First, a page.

Trump more involved in blocking FBI HQ sale than initially thought: Dems

President TrumpDonald John TrumpTrump says his advice to impeachment defense team is 'just be honest' Trump expands tariffs on steel and aluminum imports CNN's Axelrod says impeachment didn't come up until 80 minutes into focus group MORE was more directly involved in canceling plans to sell the FBI headquarters in Washington, D.C., than Congress was previously aware of, House Democrats alleged on Thursday. 

They pointed to new documents they say suggest a more expensive proposal to rebuild the headquarters in D.C. instead of relocating to the suburbs was approved during an Oval Office meeting with Trump and General Services Administration (GSA) officials on Jan. 24.

The documents, released by the House Democrats on Thursday, include a picture of the meeting in question and emails that describe the project as what “the president wants” and “what POTUS directed everyone to do.” GSA officials are also quoted in emails saying that they were operating “per the President’s instructions.”

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The GSA had long debated whether to demolish the FBI’s aging J. Edgar Hoover Building in D.C. and let a commercial developer come in to build something new, which would allow the FBI to relocate its headquarters to the Washington suburbs.

Critics argue that Trump wanted to prevent commercial developers from building a new property that would compete with the Trump Hotel, which is located across the street from the FBI headquarters. The administration has maintained that it was the FBI’s decision to remain closer to the Department of Justice.

Now, after obtaining the new batch of documents, Democrats say GSA Administrator Emily Murphy misled lawmakers about Trump’s role in the decisionmaking process.

Murphy testified in front of Congress earlier this year about the FBI project, but did not mention meeting with Trump to discuss the FBI headquarters project. An inspector general report released in August called her testimony “incomplete.”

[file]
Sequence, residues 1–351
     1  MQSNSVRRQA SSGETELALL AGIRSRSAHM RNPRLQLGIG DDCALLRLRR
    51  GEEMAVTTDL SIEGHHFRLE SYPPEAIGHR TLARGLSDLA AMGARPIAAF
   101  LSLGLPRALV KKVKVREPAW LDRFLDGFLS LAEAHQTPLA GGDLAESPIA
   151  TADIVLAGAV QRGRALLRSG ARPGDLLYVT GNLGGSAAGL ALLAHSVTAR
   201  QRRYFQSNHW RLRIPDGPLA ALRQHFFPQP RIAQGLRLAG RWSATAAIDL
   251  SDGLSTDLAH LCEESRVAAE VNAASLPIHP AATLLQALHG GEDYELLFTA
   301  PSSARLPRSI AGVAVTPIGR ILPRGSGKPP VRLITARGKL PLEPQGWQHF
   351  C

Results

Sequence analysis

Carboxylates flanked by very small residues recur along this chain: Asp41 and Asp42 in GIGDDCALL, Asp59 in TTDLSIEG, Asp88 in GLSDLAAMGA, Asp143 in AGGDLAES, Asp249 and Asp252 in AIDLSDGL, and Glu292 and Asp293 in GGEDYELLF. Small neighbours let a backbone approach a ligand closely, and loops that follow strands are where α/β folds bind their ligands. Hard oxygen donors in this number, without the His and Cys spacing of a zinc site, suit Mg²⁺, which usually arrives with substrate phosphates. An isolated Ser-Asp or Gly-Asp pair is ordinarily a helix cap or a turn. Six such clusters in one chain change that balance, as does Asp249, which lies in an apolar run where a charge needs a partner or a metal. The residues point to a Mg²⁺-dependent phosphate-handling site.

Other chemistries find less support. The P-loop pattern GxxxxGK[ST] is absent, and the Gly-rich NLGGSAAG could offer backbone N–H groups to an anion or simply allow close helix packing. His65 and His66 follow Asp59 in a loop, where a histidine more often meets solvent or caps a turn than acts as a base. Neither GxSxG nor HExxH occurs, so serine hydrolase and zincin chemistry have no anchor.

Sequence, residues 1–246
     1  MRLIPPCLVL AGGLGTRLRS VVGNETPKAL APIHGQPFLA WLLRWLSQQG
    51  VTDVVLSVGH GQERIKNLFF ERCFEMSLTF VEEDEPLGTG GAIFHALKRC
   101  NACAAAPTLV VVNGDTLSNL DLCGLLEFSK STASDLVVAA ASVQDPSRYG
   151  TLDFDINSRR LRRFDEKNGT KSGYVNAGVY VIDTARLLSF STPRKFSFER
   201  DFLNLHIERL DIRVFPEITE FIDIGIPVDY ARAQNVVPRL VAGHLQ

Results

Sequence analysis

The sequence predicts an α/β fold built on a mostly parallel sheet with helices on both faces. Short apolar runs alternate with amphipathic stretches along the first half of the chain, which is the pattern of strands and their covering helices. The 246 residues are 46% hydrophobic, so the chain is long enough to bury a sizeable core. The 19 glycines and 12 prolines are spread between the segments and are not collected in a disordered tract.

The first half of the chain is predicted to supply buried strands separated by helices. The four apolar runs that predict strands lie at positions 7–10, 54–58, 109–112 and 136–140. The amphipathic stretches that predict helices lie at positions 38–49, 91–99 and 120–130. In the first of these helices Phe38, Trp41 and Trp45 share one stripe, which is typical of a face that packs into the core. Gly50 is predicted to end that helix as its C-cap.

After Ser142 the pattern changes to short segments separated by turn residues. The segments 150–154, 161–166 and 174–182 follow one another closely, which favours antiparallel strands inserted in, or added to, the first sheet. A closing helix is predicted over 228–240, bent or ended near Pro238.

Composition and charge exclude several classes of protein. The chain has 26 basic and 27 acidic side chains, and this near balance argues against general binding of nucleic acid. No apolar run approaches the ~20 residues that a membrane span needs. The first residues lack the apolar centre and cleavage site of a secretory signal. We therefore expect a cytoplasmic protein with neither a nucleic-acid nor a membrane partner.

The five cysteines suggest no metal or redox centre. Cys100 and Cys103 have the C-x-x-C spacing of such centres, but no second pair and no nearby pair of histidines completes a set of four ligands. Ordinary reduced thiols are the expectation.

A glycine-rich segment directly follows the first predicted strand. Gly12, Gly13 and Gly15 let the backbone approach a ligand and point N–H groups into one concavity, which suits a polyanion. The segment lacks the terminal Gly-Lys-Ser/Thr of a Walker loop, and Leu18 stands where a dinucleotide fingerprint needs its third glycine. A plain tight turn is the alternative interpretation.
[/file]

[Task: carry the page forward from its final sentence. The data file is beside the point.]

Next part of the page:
"New documents provided to the Oversight Committee indicate that President Trump met personally with you, the FBI, and White House officials on January 24, 2018, where he was directly involved with the decision to abandon the long-term relocation plan and instead move ahead with the more expensive proposal to construct a new building on the same site, and thereby prevent Trump Hotel competitors from acquiring the land," the letter states.

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The letter is signed by Rep. Elijah CummingsElijah Eugene CummingsBaltimore unveils plaques for courthouse to be named after Elijah Cummings GOP leaders encourage retiring lawmakers to give up committee posts Pelosi taps Virginia Democrat for key post on economic panel MORE (Md.), the ranking member on the Oversight and Government Reform Committee, and Rep. Peter DeFazioPeter Anthony DeFazioOvernight Energy: Critics question data behind new Trump water rule | Groups seek more time to comment on Trump environmental rollback | EPA under scrutiny over backlog of toxic waste cleanups Critics question data used in rule replacing Obama-era waterway protections Lawmakers to question FAA chief on 737 Max review MORE (Ore.), the ranking member on the Transportation and Infrastructure Committee. It is also signed by Reps. Gerry ConnollyGerald (Gerry) Edward ConnollyTrump, Democrats set for brawl on Iran war powers Overnight Defense: Iran crisis eases as Trump says Tehran 'standing down' | Dems unconvinced on evidence behind Soleimani strike | House sets Thursday vote on Iran war powers Democrats 'utterly unpersuaded' by evidence behind Soleimani strike MORE (Va.), Mike QuigleyMichael (Mike) Bruce QuigleyTransgender detainees need protection — a letter from lawmakers doesn't provide it Lawmakers to call on ICE to release all transgender detainees House votes to impeach Trump MORE (Ill.),  and Dina TitusAlice (Dina) Costandina TitusBiden picks up first endorsement from Iowa congressional delegation The US needs to lead again on disability rights Krystal Ball: New Biden ad is everything that's wrong with Democrats MORE (Nev.), who are all the top Democrats on key subcommittees.

The group is now seeking more documents from GSA on Trump’s role in the project.

Tougher oversight of Trump’s business dealings and exploring his potential conflicts of interest will be a top priority for Democrats if they win back the House.

“Given this background, President Trump should have avoided all interactions or communications relating to the FBI headquarters project to prevent both real and perceived conflicts of interest,” the lawmakers wrote.  “He should not have played any role in a determination that bears directly on his own financial interests with the Trump Hotel. The GSA also should have taken steps to wall off the decision from improper influence.”